Journal: Journal of adolescence
Peer support among adolescents has been positively associated with heath behaviors; however, enhancing peer support for weight loss has rarely been studied among adolescents. This study examined whether a peer support training component delivered to enhance a standard weight loss program led to improved outcomes. Forty-one overweight adolescent females were randomly assigned to a Standard or Enhanced Peer Support intervention. The Enhanced group received in person peer support skills training and practiced skills using social networking. At 16 weeks, participants in the Enhanced condition reported significantly increased perceptions of friend support. Both groups demonstrated significant weight loss (6.4 lbs, ± 8.3). Attendance and self-monitoring were associated with weight loss. Perceptions of peer support can be increased with a peer training component, but did not increase weight loss during the short term.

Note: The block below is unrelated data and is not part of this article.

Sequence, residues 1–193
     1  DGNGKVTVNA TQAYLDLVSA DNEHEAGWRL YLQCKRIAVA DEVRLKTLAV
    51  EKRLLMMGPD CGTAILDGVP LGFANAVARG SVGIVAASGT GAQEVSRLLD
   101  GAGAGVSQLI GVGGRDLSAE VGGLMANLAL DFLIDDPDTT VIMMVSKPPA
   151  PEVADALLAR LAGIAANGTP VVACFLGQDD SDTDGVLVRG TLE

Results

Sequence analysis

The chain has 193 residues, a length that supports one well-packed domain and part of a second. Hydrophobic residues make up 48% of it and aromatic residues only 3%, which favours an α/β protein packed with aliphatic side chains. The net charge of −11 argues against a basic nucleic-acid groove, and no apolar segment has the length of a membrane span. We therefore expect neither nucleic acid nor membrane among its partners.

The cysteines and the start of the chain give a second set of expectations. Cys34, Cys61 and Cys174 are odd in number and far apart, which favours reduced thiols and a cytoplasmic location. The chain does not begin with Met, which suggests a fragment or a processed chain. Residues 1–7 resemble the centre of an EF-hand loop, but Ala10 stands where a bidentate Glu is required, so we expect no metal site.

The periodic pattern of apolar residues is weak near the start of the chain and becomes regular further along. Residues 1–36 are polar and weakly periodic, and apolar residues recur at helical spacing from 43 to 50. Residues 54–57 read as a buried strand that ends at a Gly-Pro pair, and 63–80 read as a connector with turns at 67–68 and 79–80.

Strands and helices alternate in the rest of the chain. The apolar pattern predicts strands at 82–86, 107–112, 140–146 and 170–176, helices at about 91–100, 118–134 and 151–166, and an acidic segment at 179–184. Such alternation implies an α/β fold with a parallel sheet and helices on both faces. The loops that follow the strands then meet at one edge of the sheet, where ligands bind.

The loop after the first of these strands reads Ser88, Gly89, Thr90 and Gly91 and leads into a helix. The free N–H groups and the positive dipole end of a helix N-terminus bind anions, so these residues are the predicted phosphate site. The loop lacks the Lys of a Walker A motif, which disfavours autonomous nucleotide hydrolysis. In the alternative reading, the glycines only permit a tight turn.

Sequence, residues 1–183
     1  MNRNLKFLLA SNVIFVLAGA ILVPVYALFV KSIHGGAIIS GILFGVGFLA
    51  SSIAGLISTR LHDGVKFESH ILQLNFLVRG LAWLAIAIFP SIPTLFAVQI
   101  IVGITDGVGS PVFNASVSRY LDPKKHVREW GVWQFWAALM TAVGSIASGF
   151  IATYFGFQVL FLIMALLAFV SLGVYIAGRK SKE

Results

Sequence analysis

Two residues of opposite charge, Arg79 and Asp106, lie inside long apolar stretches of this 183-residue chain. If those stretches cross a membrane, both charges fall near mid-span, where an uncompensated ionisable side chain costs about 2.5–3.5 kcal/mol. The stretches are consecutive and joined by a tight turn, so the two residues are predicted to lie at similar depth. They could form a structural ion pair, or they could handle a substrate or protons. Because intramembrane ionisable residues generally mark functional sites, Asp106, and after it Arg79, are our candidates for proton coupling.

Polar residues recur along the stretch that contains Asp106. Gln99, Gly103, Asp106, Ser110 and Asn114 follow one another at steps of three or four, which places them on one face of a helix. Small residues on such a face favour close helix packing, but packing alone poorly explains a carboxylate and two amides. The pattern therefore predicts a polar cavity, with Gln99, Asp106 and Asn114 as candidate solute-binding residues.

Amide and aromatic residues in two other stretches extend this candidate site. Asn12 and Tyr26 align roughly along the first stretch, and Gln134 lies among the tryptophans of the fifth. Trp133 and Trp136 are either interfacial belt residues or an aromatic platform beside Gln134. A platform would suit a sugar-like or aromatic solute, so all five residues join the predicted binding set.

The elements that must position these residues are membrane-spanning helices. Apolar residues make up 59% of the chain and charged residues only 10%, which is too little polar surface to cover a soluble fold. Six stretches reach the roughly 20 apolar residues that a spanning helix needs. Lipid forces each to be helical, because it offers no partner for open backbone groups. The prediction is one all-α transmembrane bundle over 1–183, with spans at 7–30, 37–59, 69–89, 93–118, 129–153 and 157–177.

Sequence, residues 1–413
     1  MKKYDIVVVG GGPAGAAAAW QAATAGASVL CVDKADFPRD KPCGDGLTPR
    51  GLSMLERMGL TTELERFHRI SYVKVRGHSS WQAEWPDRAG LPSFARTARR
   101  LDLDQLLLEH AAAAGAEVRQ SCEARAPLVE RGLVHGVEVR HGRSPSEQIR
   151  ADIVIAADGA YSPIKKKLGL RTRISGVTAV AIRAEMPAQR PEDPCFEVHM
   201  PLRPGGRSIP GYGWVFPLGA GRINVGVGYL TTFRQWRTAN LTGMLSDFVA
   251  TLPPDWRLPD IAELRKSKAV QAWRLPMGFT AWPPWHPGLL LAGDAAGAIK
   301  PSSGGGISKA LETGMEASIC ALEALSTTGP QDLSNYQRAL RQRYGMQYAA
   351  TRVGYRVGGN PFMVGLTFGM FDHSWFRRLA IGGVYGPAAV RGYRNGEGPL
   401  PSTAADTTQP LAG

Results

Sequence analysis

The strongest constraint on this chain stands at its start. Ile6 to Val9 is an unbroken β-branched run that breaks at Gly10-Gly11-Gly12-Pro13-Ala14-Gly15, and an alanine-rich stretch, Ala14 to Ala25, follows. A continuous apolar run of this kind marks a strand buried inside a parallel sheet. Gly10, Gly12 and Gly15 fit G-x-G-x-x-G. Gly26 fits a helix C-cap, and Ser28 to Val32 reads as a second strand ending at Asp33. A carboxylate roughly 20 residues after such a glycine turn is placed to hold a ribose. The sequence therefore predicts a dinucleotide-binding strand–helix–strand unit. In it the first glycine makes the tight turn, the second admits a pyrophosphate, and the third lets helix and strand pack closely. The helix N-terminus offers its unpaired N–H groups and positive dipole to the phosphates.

The aim of this study investigated the prevalence of Internet addiction (IA) in a large representative sample of secondary school students and identified the risk and protective factors. Using a crosssectional design, 2170 participants were recruited from senior high schools throughout Taiwan using both stratified and cluster sampling. The prevalence of IA was 17.4% (95% confidence interval, 15.8%-19.0%). High impulsivity, low refusal self-efficacy of Internet use, high positive outcome expectancy of Internet use, high disapproving attitude of Internet use by others, depressive symptoms, low subjective well-being, high frequency of others' invitation to Internet use, and high virtual social support was all independently predictive in the logistic regression analysis. The prevalence of IA among secondary school students in Taiwan was high. Results from this study can be used to help educational agencies and mental health organizations create policies and design programs that will help in the prevention of IA in adolescents.